• The 2002 Farm Security and Rural Investment Act, the most expensive farm bill in American history;
  • The 2003 Medicare Modernization Act, the most expensive Great Society expansion in history;
  • A war in and the rebuilding of Iraq that, while justified, could cost between $300 and $600 billion, in total;
  • International spending leap 94 percent;
  • Housing and Commerce spending surge 86 percent;
    Community and regional development spending jump 71 percent;
    Health research spending increase 61 percent;
  • Veterans’ spending increase 51 percent; and
  • The number of annual pork projects leap from 6,000 to 14,000.
This from a Federal government, which has hitherto shown a singular inability to conduct an evacuation and relief effort properly, but is now expected to lead the way in reconstructing New Orleans, a city in which the school system is virtually bankrupt and racked by corruption (the U.S. Education Department reported in February that $70-million in federal funds for low-income students had been misspent or could not be accounted for), presumably to be part-administered by a mayor whose stunning failure to mobilize resources to evacuate car-less residents and hospital patients - despite warning signals from the city’s botched response to the threat of Hurricane Ivan in September 2004 – demonstrates that ineptitude extends to all levels of government.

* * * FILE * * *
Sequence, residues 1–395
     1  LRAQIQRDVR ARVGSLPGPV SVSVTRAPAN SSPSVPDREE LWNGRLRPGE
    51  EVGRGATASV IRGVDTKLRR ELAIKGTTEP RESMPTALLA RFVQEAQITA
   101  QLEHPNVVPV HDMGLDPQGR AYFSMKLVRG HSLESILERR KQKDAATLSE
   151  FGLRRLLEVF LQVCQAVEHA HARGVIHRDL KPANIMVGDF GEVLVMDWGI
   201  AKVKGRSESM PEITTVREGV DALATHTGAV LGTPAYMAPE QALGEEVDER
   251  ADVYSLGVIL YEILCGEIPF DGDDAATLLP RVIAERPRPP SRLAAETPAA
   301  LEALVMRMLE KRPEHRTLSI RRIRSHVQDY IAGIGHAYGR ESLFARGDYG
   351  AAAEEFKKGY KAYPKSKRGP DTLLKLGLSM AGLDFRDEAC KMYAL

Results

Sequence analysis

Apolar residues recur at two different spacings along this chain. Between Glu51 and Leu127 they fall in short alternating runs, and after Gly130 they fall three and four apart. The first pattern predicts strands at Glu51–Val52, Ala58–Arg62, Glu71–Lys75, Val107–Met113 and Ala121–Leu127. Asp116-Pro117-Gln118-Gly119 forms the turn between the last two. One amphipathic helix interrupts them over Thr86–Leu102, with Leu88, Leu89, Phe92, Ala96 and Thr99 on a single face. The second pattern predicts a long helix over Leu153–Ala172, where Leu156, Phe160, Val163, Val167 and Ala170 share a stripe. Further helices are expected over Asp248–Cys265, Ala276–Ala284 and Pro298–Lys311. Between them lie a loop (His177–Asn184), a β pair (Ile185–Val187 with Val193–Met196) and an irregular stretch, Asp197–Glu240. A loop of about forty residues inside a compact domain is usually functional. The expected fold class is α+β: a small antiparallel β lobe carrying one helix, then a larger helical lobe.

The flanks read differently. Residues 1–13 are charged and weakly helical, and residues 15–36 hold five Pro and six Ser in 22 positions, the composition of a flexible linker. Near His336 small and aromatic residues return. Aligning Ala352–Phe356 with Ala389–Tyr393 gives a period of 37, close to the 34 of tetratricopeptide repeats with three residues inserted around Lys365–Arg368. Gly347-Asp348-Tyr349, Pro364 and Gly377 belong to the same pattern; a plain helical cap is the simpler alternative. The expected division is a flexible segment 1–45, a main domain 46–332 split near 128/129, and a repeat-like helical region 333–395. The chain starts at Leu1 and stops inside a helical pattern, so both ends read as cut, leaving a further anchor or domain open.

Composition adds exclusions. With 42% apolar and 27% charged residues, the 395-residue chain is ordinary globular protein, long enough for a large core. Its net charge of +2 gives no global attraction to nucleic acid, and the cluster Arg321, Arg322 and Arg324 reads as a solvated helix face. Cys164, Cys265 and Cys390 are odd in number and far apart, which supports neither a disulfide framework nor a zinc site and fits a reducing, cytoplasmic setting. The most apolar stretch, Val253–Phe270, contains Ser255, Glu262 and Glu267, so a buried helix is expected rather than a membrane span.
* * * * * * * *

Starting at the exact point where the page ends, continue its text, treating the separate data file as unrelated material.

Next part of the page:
There is a lot more so go read it.
posted by Richard @ 6:14 PM   3 comments
Which will it be? Incompetence then or then and now?
Rita is now a category 5 storm aimed for the Texas Coast. From AP on Yahoo:
Forecasters said Rita could be the most intense hurricane on record ever to hit Texas, and easily one of the most powerful ever to plow into the U.S. mainland. Category 5 is the highest on the scale, and only three Category 5 hurricanes are known to have hit the U.S. mainland - most recently, Andrew, which smashed South Florida in 1992.
The response of FEMA is going to be critical.

So which will it be? Will they screw this one up like Katrina, proving how totally incompetent the Republicans are at running the government? Or will they make this work, and display how truly badly they handled Katrina in comparison?
posted by Richard @ 4:12 PM   1 comments
Republicans using their own incompetence to cut government
The Republicans have wanted to cut government since the Gingrich revolution, but some programs were too popular for them to touch. Now, just as they used 9/11 to propel American into an unnecessary war in Iraq, they are preparing to use the disaster in New Orleans to get more cuts in popular programs.